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Math Help - what is [x]?

  1. #1
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    what is [x]?

    I have to prove Y: Z -> Zm defined by Y(x) = [x] is a homomorphism, but I don't remember what [x] means. Any help would be greatly appreciated! Thanks!
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  2. #2
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    Ok, I figured out [x] (it's the congruence class of x, yay!), but I'm given that the mapping in my first post is a homomorphism and I'm told to prove it. In order to prove that, I would have to show [x + y] = [x] + [y].
    I don't see how that is true; for mod 3, [0] = {..., -6, -3, 0, 3, 6, ...} and
    [1] = {..., -5, -2, 1, 4, 7, ...}. According to that equation, [0 + 1] = [0] + [1] = {..., -11, -5, 1, 7, 13, ...} which would be [1] with respect to mod 6.
    Am I on the right track here, or am I completely off?
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  3. #3
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    Recall the definition of homomorphism.

    You need to show that Y(xy)=Y(x)Y(y) for all x,y in Z.

    So, Y(xy)=[xy] =[x][y]=Y(x)Y(y). Since you can always choose x to be the identity or 1, so [xy]=[x][y] will always be true if x,y in Z.
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  4. #4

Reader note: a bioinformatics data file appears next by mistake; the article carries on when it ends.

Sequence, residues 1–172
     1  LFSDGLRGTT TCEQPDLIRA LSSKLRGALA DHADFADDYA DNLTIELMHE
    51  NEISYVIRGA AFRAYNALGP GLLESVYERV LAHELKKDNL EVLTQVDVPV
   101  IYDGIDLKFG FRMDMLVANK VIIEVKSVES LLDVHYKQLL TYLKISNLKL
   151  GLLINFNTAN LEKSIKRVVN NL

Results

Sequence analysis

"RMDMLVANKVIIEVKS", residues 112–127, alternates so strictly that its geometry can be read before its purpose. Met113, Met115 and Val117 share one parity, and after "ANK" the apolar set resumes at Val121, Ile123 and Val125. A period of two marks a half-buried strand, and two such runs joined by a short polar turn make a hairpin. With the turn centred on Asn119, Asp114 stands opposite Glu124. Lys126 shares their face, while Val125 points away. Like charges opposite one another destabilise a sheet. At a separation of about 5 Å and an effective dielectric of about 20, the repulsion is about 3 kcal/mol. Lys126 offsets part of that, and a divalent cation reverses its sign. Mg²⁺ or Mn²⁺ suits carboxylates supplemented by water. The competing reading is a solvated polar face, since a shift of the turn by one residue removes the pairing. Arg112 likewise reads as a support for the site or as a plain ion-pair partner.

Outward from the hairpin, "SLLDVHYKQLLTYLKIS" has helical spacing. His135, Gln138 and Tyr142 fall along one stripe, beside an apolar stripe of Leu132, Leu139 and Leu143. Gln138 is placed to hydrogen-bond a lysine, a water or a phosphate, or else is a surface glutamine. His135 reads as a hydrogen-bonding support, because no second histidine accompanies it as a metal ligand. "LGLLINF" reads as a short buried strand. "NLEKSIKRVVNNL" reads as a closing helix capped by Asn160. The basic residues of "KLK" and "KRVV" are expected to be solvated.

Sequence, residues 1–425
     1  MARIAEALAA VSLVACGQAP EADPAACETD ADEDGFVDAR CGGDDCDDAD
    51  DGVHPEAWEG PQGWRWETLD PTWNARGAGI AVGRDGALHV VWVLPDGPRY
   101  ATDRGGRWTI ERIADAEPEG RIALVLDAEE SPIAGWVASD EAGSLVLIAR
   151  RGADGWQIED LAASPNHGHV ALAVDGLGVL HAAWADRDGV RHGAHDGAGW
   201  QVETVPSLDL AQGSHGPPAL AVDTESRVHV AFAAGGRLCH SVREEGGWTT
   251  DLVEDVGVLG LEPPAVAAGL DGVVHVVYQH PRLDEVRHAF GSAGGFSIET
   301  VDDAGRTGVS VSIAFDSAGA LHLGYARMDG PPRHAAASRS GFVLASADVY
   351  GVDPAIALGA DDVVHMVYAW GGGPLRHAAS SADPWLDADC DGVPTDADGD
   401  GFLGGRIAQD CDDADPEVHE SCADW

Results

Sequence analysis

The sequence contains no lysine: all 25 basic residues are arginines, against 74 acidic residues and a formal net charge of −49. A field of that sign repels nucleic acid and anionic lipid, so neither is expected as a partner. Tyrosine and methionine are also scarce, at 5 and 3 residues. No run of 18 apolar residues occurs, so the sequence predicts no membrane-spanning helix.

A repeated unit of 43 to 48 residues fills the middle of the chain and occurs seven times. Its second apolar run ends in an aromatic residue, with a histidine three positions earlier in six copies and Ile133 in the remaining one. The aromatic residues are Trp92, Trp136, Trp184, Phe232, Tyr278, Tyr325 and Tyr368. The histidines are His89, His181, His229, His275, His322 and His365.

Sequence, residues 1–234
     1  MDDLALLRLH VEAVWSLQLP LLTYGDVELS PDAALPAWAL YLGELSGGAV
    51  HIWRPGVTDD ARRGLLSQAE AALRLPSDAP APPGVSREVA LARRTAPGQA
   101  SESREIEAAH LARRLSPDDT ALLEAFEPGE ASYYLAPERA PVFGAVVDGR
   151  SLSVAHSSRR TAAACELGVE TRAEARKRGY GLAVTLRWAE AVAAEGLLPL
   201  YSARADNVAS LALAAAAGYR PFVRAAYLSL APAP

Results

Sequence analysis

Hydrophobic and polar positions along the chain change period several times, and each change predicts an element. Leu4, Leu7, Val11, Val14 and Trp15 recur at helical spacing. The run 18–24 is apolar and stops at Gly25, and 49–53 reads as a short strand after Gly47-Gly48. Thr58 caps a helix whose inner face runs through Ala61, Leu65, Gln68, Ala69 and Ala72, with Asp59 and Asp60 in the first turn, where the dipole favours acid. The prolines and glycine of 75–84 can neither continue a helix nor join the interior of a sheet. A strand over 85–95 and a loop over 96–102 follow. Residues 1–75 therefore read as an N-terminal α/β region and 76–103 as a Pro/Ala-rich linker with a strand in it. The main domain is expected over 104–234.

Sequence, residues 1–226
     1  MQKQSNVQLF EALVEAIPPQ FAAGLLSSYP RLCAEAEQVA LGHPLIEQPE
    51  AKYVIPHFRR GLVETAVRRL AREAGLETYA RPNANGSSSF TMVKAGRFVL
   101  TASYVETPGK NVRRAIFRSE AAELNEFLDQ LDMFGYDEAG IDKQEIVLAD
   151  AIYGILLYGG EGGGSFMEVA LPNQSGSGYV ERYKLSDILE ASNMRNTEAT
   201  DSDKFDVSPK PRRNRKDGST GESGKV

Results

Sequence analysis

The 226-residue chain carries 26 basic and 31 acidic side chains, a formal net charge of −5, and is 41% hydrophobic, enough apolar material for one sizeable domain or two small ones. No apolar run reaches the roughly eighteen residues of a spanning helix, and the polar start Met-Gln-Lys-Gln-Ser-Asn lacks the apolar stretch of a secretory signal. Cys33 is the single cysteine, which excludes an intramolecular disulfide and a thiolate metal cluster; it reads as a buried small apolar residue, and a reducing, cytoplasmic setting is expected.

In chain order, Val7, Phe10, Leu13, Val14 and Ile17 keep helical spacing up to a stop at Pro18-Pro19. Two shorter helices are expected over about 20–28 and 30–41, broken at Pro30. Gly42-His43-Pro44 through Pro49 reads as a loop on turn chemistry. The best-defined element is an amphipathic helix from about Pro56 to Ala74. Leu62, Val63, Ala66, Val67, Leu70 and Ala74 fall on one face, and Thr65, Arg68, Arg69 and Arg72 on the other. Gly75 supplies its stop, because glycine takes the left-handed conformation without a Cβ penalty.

MHF Contributor Bruno J.'s Avatar
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    Quote Originally Posted by mdoyle View Post
    Ok, I figured out [x] (it's the congruence class of x, yay!), but I'm given that the mapping in my first post is a homomorphism and I'm told to prove it. In order to prove that, I would have to show [x + y] = [x] + [y].
    I don't see how that is true; for mod 3, [0] = {..., -6, -3, 0, 3, 6, ...} and
    [1] = {..., -5, -2, 1, 4, 7, ...}. According to that equation, [0 + 1] = [0] + [1] = {..., -11, -5, 1, 7, 13, ...} which would be [1] with respect to mod 6.
    Am I on the right track here, or am I completely off?
    You're on the right track but you're not adding the cosets properly. Remember that if A, B \subset G then A+B = \{a+b : a \in A, b \in B\}. For instance 3+7=10 should be in there.
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